In support of her petition, appellant submitted a report completed by a licensed psychologist who conducted a psychological evaluation of Jose on December 8, 2014. The purpose of the evaluation was to determine Jose’s “current level of cognitive, emotional, and psychological [functioning] and to assess his daily functioning capabilities.” During the diagnostic interview, Jose reported that his mother severely beat him when he was eight or nine years old by striking him repeatedly on the head with her hands and with blunt objects. Consistent with these alleged beatings, the psychologist observed “three prominent bumps” on Jose’s head. Jose also described in detail the brutal murder of his father at the hands of several men, which Jose witnessed from a distance. Jose stated that his father’s murderers threatened to kill him as well, but he was able to escape. He stated that if he had decided to stay in Ecuador, he believes that they would have killed him. The psychologist opined that Jose “demonstrated limited insight and judgment in a number of ways, as evidenced by a handful of instances [in] which he verbalized highly concrete and/or notably naïve statements.” Jose’s full-scale IQ score was 60, which placed him in the extremely low range of functioning. The psychologist concluded that Jose “has an enduring need for assistance, supervision, and support from a competent, non-abusive, adult caregiver at this time.”
A hearing was held on the petition. Appellant testified consistently with her petition and stated that Jose needs a guardian because he lacks maturity, cannot provide for himself or manage his own affairs, and is vulnerable to harm. The probate court questioned Jose, who stated that he needs someone to help him make decisions and requested that appellant be appointed as his guardian.
The probate court issued an order appointing appellant as Jose’s limited guardian, concluding that Jose “is an incapacitated person whose needs cannot be met by less restrictive means.” The probate court’s order gave appellant the power and duty to consent to medical care on behalf of Jose, to contract on his behalf, to exercise supervision over him, and to apply on his behalf “for any assistance, services, or benefits available to [him] through any unit of government.” The order did not address appellant’s request for SIJ findings.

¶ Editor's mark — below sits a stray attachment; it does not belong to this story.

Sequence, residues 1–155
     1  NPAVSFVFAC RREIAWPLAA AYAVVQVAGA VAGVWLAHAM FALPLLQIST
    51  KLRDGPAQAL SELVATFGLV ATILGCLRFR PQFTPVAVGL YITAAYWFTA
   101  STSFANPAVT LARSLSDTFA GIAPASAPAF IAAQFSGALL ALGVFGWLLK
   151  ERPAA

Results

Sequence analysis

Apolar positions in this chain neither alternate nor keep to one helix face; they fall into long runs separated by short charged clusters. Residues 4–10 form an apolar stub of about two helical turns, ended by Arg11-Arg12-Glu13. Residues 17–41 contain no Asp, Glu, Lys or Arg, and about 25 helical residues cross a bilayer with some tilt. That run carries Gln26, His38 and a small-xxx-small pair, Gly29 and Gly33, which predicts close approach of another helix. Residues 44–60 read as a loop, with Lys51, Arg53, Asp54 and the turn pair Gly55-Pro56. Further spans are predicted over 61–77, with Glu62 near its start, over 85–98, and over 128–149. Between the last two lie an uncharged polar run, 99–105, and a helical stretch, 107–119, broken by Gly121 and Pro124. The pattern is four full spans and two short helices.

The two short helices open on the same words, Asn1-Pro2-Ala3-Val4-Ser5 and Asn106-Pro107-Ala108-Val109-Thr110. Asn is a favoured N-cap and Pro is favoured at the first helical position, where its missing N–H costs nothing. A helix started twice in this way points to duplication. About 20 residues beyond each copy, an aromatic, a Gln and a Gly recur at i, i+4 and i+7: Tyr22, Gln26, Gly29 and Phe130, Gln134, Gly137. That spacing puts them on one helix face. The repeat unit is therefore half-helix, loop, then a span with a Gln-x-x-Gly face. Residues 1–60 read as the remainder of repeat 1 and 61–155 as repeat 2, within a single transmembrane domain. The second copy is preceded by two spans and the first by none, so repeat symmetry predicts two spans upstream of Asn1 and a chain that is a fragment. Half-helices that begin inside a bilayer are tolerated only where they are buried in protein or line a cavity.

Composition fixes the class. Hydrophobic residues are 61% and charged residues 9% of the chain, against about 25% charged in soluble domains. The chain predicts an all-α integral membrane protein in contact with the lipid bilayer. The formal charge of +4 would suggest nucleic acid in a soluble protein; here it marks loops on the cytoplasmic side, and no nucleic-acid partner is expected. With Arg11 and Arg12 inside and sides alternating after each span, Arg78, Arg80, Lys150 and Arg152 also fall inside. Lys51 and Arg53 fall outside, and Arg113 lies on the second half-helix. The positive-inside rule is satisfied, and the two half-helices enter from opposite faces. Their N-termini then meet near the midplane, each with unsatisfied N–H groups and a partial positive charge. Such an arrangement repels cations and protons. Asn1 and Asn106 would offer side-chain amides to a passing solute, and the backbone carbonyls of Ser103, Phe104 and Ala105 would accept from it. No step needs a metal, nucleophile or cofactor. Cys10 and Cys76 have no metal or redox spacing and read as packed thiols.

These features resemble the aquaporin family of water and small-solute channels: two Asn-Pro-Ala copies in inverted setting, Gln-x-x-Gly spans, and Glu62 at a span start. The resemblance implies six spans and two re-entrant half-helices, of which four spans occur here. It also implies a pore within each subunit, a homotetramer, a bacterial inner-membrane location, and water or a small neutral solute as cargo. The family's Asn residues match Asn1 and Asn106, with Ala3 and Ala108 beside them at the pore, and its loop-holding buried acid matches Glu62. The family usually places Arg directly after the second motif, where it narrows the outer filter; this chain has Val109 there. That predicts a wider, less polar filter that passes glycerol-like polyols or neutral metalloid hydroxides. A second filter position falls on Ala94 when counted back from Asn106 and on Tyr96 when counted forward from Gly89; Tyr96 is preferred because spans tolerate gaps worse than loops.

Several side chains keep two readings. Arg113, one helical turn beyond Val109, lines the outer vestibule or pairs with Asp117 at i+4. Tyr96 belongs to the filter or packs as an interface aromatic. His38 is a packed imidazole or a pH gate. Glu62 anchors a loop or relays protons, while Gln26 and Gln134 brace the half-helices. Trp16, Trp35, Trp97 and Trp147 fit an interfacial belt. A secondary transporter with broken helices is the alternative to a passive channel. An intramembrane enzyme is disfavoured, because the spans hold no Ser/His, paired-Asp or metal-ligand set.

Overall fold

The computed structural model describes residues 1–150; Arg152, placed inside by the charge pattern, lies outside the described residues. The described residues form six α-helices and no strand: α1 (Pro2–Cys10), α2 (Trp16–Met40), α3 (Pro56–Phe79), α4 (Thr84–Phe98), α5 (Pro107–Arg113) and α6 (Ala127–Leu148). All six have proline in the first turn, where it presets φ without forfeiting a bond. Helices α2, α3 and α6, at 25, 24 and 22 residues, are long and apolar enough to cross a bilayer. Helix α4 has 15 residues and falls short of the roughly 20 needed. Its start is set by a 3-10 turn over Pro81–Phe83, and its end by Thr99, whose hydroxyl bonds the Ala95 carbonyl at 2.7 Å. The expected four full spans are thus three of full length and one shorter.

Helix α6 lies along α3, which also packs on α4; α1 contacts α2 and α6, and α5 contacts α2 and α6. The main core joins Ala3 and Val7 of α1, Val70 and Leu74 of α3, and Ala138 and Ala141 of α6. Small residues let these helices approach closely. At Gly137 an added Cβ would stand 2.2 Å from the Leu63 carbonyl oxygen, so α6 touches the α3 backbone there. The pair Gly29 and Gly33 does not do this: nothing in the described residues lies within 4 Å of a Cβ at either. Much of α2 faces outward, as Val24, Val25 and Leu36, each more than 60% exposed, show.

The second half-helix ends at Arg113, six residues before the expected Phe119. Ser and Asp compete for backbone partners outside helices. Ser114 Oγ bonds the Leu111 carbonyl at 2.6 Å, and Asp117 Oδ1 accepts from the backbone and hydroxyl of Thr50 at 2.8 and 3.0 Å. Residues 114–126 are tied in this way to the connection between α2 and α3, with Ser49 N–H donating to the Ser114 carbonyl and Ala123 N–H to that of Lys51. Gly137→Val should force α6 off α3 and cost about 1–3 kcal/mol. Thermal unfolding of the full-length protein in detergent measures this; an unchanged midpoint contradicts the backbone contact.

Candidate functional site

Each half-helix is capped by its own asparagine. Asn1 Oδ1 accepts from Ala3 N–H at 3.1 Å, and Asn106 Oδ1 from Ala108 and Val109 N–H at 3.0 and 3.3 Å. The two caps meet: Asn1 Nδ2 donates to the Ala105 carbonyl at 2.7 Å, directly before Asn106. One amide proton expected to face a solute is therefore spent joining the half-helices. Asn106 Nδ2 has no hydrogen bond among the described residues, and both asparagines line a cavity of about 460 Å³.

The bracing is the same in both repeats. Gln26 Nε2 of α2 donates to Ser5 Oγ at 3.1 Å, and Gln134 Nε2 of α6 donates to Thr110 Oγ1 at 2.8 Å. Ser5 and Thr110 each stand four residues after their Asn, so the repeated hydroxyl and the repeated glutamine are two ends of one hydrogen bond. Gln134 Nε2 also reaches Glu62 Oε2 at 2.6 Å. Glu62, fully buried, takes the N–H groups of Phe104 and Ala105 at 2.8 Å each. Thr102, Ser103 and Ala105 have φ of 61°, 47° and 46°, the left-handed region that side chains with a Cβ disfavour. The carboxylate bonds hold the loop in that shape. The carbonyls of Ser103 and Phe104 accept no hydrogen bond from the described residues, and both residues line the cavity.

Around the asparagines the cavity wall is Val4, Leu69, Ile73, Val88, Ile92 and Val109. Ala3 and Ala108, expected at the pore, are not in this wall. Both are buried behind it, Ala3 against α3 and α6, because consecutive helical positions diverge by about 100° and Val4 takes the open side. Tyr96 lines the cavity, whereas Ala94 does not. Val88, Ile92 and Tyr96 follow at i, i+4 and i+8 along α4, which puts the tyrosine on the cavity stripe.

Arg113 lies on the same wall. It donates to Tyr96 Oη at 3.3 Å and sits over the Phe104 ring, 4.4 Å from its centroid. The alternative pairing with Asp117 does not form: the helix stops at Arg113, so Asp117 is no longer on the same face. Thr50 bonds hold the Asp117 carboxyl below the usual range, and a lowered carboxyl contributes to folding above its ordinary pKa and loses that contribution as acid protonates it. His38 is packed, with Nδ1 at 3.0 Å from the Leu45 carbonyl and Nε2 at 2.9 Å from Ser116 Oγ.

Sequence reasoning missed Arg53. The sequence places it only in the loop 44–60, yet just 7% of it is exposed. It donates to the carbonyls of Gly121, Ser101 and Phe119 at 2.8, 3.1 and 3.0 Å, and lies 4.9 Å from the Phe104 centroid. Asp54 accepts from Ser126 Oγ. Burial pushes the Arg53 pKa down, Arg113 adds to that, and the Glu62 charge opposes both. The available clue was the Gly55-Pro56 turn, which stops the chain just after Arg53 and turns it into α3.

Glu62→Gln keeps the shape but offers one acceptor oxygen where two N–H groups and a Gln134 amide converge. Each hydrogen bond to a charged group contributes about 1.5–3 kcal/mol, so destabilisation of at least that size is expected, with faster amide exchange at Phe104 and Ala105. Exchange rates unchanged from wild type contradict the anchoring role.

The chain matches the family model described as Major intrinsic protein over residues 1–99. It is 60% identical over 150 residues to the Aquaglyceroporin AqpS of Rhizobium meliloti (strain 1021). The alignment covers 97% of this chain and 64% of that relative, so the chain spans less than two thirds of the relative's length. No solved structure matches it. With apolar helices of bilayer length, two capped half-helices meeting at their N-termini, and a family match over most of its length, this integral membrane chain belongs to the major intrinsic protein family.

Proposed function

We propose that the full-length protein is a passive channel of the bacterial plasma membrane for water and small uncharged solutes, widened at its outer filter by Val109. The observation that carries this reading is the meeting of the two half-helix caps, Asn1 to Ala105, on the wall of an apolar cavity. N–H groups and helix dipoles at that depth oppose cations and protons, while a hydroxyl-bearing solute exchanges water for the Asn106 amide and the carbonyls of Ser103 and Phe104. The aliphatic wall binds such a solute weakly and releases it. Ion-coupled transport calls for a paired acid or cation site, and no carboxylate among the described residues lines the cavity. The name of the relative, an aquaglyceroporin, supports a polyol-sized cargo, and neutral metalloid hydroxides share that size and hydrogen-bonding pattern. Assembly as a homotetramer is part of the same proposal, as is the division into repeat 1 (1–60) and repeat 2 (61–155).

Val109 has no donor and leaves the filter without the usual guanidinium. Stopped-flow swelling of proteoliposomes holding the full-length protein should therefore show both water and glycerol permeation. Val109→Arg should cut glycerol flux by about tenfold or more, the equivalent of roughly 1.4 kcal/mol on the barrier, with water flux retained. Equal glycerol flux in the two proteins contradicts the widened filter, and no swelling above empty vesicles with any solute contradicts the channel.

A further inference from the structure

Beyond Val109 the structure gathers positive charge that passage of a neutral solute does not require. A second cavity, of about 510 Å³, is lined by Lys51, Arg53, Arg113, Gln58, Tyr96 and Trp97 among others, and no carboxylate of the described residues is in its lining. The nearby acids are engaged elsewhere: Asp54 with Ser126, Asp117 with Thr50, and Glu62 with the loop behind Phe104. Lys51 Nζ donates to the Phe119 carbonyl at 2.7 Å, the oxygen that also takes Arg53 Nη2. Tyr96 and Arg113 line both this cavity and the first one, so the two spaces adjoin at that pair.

Appellant filed a motion for additional findings, again requesting that the probate court make SIJ findings. Jose submitted an affidavit in support of the motion, in which he again described his mother’s abuse, his father’s murder, and the threats to his life by the men who killed his father. Jose’s sister also submitted an affidavit, in which she stated that she witnessed her mother physically abuse Jose “many times.”
The probate court denied the motion, finding that it was “not appropriate for the probate court, in a guardianship proceeding, to make findings specifically for immigration purposes.” The probate court also found that the requested SIJ findings were “outside the requirements of guardianship law and what is appropriate for an underlying petition for guardianship.” While the probate court acknowledged that it “technically ha[d] the authority” to make SIJ findings, it concluded that it was not “proper to add specific findings unrelated to what was ordered.”
Appellant filed this appeal on September 1, 2015. Appellant’s counsel received a notice, dated September 1, setting a removal hearing for Jose in immigration court on January 15, 2016.
I. Is a probate court authorized to make SIJ findings in a guardianship proceeding?
II. Does a probate court abuse its discretion by declining to consider a request for SIJ findings in a guardianship proceeding when the record supports the appointment of a guardian and contains evidence as to each potential SIJ finding?
III. Should this court remand the case to a different probate court judge?